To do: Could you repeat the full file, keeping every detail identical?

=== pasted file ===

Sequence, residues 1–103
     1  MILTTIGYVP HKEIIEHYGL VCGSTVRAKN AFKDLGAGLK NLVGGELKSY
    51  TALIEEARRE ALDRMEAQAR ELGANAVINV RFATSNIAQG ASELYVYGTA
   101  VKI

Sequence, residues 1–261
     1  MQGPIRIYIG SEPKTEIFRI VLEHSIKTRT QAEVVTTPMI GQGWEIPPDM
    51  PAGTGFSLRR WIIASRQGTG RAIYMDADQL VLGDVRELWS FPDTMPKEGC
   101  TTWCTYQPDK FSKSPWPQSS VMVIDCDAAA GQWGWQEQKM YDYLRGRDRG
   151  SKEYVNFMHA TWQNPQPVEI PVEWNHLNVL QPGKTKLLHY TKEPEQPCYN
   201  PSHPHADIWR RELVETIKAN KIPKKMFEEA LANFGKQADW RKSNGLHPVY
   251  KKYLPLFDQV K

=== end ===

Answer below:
Sequence, residues 1–103
     1  MILTTIGYVP HKEIIEHYGL VCGSTVRAKN AFKDLGAGLK NLVGGELKSY
    51  TALIEEARRE ALDRMEAQAR ELGANAVINV RFATSNIAQG ASELYVYGTA
   101  VKI

Sequence, residues 1–261
     1  MQGPIRIYIG SEPKTEIFRI VLEHSIKTRT QAEVVTTPMI GQGWEIPPDM
    51  PAGTGFSLRR WIIASRQGTG RAIYMDADQL VLGDVRELWS FPDTMPKEGC
   101  TTWCTYQPDK FSKSPWPQSS VMVIDCDAAA GQWGWQEQKM YDYLRGRDRG
   151  SKEYVNFMHA TWQNPQPVEI PVEWNHLNVL QPGKTKLLHY TKEPEQPCYN
   201  PSHPHADIWR RELVETIKAN KIPKKMFEEA LANFGKQADW RKSNGLHPVY
   251  KKYLPLFDQV K